- At this point, scrape off any excess buttercream all around the edge of the top layer, by using a spatula. Scrape towards the middle of the cake.
- Make sure the cake is sitting exactly in the center of the revolving cake stand.Place the decorating comb 45 degrees to the cake and rotate stand towards the decorating comb.
- Remove excess buttercream for the final time from the top of the cake.
- Remove any excess buttercream between the revolving stand and the cake by placing a spatula in between the cake and the stand, and at the same time spinning the stand.
- Slide the cake onto a cake bord from one edge. Once half the cake is on the cake board, lift off the cake from the revolving stand side and continue sliding it onto the cake board.
- Holding the cake board on the palm of your hand, apply a thin layer of roasted almonds, half way up from the side of the cake, all around. Tap on the underside of the cake board to remove any excess nuts from the cake board.
- Apply a border around the top of the cake using a round or star tip.
NOTES: Turntable is mainly used for masking only, although you can use it for cutting cake layers.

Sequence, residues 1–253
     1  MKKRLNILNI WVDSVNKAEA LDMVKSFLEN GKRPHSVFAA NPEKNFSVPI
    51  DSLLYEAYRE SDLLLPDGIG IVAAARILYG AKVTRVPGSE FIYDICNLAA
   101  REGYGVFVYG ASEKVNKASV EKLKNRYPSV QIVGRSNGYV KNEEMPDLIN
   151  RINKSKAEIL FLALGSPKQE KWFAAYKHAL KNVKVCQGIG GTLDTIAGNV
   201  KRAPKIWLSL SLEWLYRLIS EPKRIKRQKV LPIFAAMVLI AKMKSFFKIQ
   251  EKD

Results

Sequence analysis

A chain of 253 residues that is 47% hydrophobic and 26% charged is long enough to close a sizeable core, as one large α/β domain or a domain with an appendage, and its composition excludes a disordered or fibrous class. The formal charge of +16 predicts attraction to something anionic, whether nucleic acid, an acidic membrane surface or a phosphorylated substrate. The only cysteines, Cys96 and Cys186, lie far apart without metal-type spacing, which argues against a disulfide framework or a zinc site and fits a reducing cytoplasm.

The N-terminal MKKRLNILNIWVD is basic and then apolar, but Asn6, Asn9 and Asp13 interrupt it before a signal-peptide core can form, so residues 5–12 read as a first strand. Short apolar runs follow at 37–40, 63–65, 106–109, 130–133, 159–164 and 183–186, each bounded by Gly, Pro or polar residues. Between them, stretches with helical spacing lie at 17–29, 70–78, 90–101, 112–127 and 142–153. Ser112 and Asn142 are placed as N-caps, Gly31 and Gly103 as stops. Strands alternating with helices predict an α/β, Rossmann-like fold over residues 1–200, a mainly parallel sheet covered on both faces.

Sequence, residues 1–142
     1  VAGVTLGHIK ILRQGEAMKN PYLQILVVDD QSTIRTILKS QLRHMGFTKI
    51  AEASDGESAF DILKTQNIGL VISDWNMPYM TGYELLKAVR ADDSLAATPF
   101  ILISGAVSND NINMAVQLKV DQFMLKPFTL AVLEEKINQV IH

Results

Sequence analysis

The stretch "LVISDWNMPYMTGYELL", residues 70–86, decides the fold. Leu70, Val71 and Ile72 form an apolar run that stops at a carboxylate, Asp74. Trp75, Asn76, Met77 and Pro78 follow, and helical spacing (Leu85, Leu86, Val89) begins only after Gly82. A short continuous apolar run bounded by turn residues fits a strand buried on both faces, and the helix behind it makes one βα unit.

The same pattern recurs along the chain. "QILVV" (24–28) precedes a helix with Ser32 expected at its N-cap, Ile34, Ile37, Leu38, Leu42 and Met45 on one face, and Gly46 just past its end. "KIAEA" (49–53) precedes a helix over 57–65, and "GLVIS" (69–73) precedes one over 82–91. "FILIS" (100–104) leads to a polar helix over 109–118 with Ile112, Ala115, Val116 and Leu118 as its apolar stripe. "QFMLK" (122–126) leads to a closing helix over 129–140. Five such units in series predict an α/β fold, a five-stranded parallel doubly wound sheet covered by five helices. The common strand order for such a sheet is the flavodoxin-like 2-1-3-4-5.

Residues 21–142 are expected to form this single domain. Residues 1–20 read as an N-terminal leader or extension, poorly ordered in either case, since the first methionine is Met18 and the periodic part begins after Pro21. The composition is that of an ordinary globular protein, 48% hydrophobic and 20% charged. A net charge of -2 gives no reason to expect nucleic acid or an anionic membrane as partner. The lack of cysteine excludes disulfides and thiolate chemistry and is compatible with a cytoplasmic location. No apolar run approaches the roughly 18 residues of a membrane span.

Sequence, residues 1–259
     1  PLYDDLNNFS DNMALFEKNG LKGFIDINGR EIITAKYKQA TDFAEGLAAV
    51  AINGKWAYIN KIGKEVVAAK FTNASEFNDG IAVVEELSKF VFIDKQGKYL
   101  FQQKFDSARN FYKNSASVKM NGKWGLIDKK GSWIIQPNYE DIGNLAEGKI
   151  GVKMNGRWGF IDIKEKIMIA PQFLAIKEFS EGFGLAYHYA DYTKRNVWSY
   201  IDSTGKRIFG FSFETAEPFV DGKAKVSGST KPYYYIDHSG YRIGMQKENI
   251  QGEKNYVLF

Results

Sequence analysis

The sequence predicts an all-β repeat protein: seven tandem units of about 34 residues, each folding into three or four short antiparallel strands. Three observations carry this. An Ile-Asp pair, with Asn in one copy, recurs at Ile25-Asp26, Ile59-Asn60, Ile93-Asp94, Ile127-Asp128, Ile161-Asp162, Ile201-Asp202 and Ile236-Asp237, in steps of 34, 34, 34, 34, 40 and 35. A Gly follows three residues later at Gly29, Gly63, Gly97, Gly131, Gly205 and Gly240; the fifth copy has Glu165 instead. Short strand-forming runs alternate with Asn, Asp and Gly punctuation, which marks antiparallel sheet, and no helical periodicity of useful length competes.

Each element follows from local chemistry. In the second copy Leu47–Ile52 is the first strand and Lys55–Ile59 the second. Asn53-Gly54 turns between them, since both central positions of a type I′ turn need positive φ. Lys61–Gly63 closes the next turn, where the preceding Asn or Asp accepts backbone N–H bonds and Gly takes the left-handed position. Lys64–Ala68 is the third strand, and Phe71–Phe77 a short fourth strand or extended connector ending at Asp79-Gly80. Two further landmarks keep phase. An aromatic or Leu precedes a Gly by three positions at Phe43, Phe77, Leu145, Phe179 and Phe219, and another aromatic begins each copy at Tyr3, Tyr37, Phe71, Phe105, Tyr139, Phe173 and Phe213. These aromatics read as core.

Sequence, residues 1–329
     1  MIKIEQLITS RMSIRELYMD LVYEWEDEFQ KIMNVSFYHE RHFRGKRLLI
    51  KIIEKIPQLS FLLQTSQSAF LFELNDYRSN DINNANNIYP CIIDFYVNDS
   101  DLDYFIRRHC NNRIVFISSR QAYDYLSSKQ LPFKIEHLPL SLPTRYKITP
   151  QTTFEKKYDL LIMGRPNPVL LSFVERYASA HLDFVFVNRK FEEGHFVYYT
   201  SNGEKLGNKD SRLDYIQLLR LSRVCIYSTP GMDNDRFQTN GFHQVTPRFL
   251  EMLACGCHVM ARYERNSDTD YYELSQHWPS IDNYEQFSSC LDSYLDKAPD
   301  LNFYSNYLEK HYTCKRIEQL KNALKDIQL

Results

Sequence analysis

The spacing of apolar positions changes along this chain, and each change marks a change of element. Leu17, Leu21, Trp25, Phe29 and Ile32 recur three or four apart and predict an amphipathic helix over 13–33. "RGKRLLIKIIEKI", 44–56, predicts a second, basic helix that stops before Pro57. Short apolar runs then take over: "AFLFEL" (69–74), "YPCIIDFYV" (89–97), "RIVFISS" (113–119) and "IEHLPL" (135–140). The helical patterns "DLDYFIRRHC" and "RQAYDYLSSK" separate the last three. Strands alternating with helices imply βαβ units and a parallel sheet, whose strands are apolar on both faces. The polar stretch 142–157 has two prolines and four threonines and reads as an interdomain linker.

The finished cake is placed onto a cake board.
Procedure for masking a wedding cake
- Place cake onto a revolving cake stand.
- Remove a thin slice from the top surface of the cake. To create an even layer, first, create a guideline all around the cake using a serrated knife. Once you have the guideline, as you are rotating the cake keep cutting the cake going deeper and deeper into the cake's center, until all section has been cut.
- Shave off the bottom surface of the cake, same way as you did the top.
- Clean revolving cake stand so that it is crumb-free.
- Place the first cake layer on the revolving cake stand.
- Apply simple syrup on the first cake layer.
- Add buttercream and spread it using an offset spatula.
- Repeat for all remaining layers of cake, except the top layer.
- Cover the cake with plastic wrap (for home bakers) and refrigerate the cake just to firm up the buttercream.
- Remove a thin layer from the edge of the cake all around, while maintaining the cake's circular shape.
- Ensure that the cake has the same height all around, standard size of an 8-inch cake would be about 9mm (3.5 inches) of height.
- Apply simple syrup and then apply a thin layer of buttercream on the top final layer of the cake (called CRUMB COATING)
- Spread some buttercream all around the sides of the cake. (called CRUMB COATING)
- Use a metal rectangular bench scraper to remove excess buttercream from the sides, and make sure the sides of the cake remain perpendicular to the revolving cake stand.